Hardboiled Epistemology

Speaking about princesses, Unk says:

A real princess must be an astonishing thing. And I think that because I’m a metaphysical realist. (I say that for all the hard-boiled out there who think it is fatuous of me: get a serious epistemology, idiots.)

Like Unk, I am a metaphysical realist. I’m working hard on the “serious epistemology” part. Based on recommendations from a couple of commenters here, I’m currently reading through David Oderberg’s “Real Essentialism”, which expounds a form of metaphysical realism known as hylomorphic dualism. I can’t say that I’m sold just yet, but it seems better than the other forms of dualism I’ve read about.

Anyway, philosopher Paul Draper recently delivered the 9th annual Plantinga lecture at Notre Dame University [via ex-apologist], and used an interesting story about hard-boiled eggs to illustrate Plantinga’s sensus divinitatis concept:

Plantinga is certainly correct in thinking that direct or non-inferential evidence can be very powerful. Suppose, for example, that the hypothesis that I had hard-boiled eggs for breakfast is very accurate with respect to a variety of facts, such as the fact that I almost always have hard-boiled eggs for breakfast, that several witnesses claim that they saw me eating hard-boiled eggs for breakfast, and that my cook reports making me hard-boiled eggs for breakfast. (Sometimes I fantasize about having my own cook.) Now consider the competing hypothesis that I had soft-boiled eggs for breakfast and that this took place some time between 7 and 8am. This hypothesis is much less accurate with respect to those facts and also less modest because of the added temporal claim. Yet the probability of it being true might still be very high—at least relative to my epistemic situation if not to yours—if I very clearly remember having had, some time between 7 and 8am, soft-boiled eggs for breakfast. My memories might give me direct non-inferential evidence for the soft-boiled egg hypothesis that outweighs the sizable advantage in accuracy and simplicity of the hard-boiled egg hypothesis. The crucial question is: can the sensus divinitatis do for theism what memory can do for the soft-boiled egg hypothesis?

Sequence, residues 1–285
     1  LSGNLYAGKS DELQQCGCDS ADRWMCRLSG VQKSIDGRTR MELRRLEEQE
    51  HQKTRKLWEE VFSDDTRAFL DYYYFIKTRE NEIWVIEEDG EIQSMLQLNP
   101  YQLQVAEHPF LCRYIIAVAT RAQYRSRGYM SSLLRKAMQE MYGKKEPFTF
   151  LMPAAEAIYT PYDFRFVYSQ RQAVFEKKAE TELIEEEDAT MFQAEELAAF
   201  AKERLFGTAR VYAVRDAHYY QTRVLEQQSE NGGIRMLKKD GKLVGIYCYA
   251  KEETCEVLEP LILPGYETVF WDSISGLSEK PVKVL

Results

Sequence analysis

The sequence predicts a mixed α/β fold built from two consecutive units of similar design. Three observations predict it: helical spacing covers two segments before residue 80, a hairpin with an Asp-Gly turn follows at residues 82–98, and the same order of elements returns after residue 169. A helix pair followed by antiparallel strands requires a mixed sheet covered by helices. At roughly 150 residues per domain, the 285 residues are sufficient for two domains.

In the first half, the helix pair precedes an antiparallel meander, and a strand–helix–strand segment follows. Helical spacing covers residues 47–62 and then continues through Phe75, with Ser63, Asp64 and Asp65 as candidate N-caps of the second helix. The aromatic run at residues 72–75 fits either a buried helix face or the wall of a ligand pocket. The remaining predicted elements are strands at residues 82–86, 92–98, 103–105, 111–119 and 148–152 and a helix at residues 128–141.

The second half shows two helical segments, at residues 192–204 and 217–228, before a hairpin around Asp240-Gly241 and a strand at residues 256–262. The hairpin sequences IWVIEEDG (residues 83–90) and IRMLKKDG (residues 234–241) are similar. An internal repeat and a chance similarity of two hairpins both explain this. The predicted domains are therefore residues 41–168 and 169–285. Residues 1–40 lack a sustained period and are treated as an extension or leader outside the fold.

Since Draper’s larger goal in the paper is to defeat theism by expounding a version of the “Problem from Evil”, he obviously thinks that the memory analogy doesn’t work for “sensus divinitatis”. But his hardboiled memory example is quite interesting, and points to what I was trying to hint at in my posts about “why history matters” and “false memories“.

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